However it is generally (though definitely not universally!) agreed that it’s engineering probably peaked around 1955 (some extend that to about 1960).That said, I think there are two models of vintage DE razors that deserve at least a little love from me for the beginner: the Gillette Super Speed’s manufactured from the late 1940’s through the mid 1950’s, and the Shick Krona.
Rotating the end of the handle clamped the guard , the blade, and the cap together in a neat sandwich.
A slight twist of the handle could expose more or less of the blade edge as the cap sqeezed the flexible blade against the guard.
After that I think engineers began to “over tweak” the design and the accountants began to get more involved in the production process.
Many consider these mid-1950’s razors to be not only solidly built but exceptionally smooth shavers. A letter and a number: the letter corresponds to a year and the number corresponds to the calendar quarter of that year.
In the rush to acquire the very best razor to experience the best of shaves, some seek out the classic Gillette Fatboy razor.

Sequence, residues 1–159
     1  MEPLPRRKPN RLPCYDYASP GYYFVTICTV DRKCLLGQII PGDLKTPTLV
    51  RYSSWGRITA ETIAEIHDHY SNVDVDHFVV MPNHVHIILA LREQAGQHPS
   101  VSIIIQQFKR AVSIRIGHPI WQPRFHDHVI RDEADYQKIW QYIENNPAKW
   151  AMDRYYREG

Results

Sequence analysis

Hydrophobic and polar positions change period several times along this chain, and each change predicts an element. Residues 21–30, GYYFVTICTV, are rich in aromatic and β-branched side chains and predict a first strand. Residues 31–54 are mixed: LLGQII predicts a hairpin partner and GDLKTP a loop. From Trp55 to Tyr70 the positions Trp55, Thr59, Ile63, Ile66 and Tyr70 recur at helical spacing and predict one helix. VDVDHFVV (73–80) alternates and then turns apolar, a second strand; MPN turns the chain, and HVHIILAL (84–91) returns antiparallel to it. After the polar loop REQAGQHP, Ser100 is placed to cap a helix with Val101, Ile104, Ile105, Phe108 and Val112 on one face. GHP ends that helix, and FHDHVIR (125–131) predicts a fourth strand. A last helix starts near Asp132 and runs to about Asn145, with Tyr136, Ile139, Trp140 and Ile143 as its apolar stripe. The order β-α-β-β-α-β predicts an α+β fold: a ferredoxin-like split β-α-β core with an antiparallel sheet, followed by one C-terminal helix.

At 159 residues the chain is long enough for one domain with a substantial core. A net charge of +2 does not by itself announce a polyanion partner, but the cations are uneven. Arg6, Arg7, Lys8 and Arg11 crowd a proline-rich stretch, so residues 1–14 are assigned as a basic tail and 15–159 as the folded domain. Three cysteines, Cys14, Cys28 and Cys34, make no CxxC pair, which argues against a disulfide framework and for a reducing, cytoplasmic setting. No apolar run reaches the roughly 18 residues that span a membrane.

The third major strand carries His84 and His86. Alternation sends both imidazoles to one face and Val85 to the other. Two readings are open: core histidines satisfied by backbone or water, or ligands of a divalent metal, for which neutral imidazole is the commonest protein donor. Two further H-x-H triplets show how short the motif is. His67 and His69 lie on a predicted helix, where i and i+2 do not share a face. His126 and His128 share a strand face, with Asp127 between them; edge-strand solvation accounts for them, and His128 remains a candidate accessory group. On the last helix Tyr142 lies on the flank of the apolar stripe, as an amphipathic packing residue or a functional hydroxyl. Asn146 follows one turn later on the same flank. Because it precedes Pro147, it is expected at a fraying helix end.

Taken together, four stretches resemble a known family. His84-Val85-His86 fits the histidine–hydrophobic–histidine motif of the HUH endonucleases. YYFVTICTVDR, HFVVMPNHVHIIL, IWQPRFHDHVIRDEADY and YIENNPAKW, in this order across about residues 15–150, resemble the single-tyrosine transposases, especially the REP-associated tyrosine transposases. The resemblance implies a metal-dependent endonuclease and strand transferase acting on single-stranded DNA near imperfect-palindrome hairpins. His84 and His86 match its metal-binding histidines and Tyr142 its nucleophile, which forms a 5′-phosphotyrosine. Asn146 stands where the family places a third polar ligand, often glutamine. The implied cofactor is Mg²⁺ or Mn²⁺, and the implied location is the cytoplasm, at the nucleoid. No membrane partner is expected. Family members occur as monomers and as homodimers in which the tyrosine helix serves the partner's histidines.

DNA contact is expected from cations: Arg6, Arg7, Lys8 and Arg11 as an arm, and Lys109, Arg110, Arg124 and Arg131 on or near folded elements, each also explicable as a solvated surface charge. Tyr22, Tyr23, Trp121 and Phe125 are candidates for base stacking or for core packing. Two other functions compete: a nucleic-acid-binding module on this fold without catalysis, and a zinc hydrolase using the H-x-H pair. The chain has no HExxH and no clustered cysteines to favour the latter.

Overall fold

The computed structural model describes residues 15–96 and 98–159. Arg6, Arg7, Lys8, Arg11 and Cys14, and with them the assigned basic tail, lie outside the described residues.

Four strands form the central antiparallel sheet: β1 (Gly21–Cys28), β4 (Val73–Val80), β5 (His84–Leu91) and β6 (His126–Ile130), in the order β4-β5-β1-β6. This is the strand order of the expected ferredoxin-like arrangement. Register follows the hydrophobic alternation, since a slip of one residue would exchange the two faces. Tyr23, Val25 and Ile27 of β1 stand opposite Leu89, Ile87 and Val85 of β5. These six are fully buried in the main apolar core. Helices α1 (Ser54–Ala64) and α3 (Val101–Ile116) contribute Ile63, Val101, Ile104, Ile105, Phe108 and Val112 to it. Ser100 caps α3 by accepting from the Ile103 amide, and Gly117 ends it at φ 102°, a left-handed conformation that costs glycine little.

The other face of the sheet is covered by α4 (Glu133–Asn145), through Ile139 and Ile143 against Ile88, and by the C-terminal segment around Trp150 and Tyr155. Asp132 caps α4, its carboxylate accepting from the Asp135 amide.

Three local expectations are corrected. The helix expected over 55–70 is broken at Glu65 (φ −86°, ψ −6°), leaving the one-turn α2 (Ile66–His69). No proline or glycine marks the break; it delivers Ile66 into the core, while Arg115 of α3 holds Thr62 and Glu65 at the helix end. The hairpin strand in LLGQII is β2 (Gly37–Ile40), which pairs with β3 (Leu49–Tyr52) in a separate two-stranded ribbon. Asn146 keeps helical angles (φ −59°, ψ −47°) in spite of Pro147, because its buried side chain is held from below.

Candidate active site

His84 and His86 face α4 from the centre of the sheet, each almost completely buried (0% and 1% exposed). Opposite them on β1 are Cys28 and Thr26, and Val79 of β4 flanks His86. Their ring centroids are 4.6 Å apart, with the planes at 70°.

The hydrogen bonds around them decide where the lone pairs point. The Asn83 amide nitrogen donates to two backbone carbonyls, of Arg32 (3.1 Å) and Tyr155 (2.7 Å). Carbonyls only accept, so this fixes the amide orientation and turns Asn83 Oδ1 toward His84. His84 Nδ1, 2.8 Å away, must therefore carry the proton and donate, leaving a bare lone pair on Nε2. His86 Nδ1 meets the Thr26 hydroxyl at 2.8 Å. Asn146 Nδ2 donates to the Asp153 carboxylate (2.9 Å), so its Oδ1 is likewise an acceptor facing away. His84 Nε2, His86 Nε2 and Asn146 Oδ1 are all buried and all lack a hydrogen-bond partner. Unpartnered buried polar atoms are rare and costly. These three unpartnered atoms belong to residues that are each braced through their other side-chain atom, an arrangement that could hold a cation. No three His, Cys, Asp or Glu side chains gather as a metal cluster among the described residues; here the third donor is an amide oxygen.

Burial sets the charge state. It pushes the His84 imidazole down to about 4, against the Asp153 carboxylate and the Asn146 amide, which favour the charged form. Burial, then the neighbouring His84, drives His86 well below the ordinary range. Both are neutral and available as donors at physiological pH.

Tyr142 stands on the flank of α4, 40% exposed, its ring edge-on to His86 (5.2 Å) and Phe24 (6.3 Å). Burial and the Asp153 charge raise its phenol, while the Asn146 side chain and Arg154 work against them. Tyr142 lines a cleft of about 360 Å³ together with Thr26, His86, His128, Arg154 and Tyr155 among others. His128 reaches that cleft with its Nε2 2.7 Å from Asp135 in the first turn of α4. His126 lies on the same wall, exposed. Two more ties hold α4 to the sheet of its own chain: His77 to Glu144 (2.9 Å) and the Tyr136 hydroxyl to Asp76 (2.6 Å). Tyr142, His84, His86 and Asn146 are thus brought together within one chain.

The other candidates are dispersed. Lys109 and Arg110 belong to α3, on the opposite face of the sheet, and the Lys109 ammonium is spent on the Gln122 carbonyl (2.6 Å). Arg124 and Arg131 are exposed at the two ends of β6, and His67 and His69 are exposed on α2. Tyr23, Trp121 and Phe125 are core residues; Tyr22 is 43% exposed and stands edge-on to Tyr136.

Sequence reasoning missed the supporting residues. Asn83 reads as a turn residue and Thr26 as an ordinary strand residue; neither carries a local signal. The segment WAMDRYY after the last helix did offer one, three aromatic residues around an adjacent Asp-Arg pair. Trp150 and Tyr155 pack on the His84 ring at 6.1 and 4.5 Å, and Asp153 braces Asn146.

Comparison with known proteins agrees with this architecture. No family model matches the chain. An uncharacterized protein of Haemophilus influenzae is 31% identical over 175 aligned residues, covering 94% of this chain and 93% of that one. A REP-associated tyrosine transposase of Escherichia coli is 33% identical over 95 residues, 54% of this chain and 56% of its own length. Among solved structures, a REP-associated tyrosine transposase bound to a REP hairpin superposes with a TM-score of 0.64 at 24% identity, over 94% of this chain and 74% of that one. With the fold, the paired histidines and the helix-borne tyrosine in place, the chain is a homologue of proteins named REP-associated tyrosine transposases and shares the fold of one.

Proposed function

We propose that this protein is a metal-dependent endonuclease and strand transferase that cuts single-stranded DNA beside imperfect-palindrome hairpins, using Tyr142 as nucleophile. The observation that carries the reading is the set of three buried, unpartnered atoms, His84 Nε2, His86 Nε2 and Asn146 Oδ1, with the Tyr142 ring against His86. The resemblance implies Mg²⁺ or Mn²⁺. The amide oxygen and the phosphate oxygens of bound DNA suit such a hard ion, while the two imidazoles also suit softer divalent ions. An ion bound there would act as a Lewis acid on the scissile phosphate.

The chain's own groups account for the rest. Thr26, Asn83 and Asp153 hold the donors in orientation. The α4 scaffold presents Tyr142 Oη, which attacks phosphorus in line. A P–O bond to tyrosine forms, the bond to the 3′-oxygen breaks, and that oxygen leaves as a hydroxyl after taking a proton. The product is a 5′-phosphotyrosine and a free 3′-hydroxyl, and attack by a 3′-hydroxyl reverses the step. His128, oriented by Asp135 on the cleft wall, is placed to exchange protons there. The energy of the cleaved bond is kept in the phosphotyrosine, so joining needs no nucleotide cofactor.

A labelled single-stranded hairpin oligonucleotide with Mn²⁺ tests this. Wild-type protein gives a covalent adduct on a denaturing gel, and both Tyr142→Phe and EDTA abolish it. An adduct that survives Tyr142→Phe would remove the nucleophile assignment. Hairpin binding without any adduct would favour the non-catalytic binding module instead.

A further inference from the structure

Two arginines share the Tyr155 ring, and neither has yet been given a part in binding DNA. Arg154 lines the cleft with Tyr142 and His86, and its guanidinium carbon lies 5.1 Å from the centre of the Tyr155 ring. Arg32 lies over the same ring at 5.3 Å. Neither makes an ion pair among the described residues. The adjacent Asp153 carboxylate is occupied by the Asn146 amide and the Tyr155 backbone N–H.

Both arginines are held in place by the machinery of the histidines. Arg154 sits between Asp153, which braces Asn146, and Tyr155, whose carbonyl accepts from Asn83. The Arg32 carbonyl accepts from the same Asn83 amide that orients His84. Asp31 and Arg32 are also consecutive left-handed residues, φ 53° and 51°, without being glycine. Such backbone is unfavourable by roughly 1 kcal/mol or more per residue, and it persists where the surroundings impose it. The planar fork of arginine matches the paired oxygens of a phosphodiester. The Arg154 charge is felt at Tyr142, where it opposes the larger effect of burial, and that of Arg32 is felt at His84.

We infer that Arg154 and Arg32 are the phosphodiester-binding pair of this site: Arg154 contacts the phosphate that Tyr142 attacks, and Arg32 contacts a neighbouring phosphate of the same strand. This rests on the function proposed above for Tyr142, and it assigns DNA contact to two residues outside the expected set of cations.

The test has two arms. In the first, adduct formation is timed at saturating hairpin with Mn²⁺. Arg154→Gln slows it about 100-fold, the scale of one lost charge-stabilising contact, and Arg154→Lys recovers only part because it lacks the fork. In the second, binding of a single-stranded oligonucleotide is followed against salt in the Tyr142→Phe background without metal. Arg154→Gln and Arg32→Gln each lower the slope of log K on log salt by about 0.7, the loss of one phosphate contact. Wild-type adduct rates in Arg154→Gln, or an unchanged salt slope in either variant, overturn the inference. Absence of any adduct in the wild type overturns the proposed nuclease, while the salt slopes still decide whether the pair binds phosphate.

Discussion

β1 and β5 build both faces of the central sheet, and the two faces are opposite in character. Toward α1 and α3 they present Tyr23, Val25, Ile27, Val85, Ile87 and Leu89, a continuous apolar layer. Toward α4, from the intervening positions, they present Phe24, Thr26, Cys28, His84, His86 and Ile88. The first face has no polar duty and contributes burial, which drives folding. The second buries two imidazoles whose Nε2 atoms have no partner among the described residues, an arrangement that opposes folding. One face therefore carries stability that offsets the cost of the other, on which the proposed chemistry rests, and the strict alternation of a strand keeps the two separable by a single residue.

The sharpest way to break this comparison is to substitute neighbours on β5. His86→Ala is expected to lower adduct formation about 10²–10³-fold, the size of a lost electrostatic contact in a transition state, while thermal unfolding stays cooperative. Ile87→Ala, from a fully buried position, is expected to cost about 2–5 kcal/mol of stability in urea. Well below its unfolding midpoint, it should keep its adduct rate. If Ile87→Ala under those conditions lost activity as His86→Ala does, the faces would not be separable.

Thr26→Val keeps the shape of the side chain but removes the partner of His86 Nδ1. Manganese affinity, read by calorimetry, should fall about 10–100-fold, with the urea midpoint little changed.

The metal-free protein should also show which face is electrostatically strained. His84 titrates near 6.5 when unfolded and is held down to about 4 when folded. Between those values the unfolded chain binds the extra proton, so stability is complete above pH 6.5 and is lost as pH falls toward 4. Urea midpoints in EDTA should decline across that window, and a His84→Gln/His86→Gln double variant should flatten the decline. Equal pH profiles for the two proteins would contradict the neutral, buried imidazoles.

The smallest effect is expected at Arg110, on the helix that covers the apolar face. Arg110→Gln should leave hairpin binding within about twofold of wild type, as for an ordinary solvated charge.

The Fatboy is in much demand and prices reflect that demand.
The illustration below is from a 1905 Gillette advertisement.
The threaded stem on the cap engaged the inner handle.
I will grant you that for the most part they’re built very well and there are tons of them still around, easily found in internet auction sites, antique stores, and grand parent’s bathrooms.
But–speaking for myself–there are just too many unknowns about the true mechanical condition of a vintage razor for me to be confortable with recommending them to someone just getting into traditional shaving with a DE.
Other more interesting curiosities soon caught my attention and I forgot about the blade puzzle.